Here are the steps:
  1. Remove all visible debris from a surface with a broom or water
  2. Scrub surface with a detergent like Dawn or another product to break down fats and carbohydrates that might be present
  3. Rinse with potable water
  4. Spray with a sanitizing agent (letting it sit for as long as indicated on the label)
  5. Air dry
These steps should be completed for all visibly dirty surfaces. If there is a surface like a doorknob that is not dirty, simply spraying with a sanitizer or wiping with a disinfecting wipe is likely sufficient. As a precaution, all surfaces should be washed occasionally with soap and water in addition to being sprayed with a sanitizer.

4) What is the difference between cleaning, sanitizing and disinfection?

As per the CDC and definitions from the EPA

Cleaning: Removes dirt and debris from a surface using a detergent (soap) and water. This doesn't necessarily kill germs, but removes them.
Sanitizing: The use of a chemical to lower the number of germs on a surface by 99.999% after proper cleaning.
Disinfection: The use of a chemical to kill all germs on a surface or object after proper cleaning. This uses a higher concentration of chemical sanitizer, and/or a longer wet contact time.

5.) What sanitizers are effective against the virus that causes COVID-19?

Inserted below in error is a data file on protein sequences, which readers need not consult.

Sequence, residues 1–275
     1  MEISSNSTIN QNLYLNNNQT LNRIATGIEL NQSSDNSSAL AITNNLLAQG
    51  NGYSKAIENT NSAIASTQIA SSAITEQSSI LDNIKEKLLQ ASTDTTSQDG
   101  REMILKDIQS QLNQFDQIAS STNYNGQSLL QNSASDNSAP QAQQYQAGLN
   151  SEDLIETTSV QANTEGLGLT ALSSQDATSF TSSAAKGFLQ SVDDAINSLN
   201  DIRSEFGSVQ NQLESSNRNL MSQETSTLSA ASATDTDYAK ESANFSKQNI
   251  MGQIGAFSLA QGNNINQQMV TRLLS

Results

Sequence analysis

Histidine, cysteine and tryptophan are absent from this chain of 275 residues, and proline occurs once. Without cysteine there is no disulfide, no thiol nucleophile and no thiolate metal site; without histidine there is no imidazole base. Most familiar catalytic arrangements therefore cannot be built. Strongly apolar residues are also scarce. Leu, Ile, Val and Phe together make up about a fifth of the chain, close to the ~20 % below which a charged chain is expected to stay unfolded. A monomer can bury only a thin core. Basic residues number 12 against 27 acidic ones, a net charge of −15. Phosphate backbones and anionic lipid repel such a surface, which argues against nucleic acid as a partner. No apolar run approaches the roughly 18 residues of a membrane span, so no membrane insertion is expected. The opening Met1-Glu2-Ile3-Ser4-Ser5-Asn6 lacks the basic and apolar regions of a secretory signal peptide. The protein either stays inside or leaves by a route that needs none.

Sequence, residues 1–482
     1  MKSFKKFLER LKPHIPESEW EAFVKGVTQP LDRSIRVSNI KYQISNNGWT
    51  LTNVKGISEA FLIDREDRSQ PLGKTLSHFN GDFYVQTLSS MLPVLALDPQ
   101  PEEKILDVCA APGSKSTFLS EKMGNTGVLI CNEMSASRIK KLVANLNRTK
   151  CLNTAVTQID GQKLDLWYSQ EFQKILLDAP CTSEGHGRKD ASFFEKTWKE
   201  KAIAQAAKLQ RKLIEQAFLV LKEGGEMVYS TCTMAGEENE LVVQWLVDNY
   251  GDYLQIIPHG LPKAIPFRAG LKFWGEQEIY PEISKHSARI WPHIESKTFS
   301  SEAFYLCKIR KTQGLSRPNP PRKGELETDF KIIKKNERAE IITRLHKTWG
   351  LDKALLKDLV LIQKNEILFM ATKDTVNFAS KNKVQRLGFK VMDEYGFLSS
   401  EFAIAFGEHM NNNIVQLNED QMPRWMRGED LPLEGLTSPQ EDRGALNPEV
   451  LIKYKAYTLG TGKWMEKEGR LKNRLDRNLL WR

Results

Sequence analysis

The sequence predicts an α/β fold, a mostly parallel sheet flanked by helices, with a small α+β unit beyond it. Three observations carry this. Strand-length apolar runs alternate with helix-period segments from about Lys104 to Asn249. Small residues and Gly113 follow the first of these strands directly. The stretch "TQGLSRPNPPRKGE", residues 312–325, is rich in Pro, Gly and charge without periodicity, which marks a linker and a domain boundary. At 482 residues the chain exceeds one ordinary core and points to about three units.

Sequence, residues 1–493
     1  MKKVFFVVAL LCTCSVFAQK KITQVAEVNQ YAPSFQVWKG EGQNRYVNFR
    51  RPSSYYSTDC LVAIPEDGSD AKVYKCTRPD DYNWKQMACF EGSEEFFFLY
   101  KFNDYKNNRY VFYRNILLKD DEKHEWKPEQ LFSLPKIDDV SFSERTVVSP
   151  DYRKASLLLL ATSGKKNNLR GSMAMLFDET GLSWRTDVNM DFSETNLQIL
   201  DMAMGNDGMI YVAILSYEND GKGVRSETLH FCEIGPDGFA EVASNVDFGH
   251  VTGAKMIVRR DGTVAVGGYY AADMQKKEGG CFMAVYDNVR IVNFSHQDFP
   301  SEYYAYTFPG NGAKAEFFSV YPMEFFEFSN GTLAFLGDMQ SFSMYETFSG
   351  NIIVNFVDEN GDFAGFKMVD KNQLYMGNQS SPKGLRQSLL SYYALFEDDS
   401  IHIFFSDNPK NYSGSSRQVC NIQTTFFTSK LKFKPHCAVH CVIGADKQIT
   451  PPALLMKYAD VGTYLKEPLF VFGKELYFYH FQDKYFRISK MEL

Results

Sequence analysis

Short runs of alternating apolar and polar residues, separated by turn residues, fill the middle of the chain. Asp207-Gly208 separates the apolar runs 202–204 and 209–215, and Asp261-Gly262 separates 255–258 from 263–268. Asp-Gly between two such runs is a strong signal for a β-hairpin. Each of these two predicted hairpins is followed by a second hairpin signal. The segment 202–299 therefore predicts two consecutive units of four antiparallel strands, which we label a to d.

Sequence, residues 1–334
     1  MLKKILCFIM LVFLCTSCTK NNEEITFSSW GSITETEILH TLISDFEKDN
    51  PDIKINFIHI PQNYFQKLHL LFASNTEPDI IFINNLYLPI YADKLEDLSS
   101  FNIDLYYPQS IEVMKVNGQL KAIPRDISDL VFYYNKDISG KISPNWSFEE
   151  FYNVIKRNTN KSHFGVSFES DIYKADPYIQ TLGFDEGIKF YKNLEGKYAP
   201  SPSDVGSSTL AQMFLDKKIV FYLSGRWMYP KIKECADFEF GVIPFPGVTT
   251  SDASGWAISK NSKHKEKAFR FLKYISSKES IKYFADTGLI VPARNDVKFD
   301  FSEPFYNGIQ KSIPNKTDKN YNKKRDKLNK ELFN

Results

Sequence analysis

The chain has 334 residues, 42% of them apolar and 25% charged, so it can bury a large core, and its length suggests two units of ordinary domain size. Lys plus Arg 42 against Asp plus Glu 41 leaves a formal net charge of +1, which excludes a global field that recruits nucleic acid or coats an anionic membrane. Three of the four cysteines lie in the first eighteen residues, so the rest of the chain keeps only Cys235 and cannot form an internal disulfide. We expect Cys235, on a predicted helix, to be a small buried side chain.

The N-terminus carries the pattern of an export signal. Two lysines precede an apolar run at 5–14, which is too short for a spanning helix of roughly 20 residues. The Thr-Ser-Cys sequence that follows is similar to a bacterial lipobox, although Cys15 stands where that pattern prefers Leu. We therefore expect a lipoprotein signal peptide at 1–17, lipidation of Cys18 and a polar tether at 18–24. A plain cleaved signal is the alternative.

There are not yet any products specifically labeled for use on the SARS-CoV-2 virus, though many are currently being researched for effectiveness.

In the meantime, the EPA has provided the definitive  "List N"  which is the list of approximately 370 disinfectants  that are approved for use against SARS-CoV-2 virus because they are effective against other human coronaviruses or harder to kill organisms. You can search this list for a product. The best way to use this tool is to search the EPA registration number on a label, since products go by many names in the marketplace. You can also search by active ingredient.

Household bleach: Ultra Clorox Regular Brand bleach (6.0% sodium hypochlorite product) is approved for use against the virus. The hard surface sanitizing rate is 200 ppm, or about 1 T per gallon. The label indicates 2 minutes wet contact time.

VigorOx SP-15: VigorOx SP-15 (15.0% peroxyacetic acid and 10.0% hydrogen peroxide product) is approved for use against the virus and OMRI- approved for organically certified operations.  The label says that the surface sanitizing rate is 3.1 oz. per 50 gallon of water (85 ppm of PAA) with a wet contact time of 1 minute.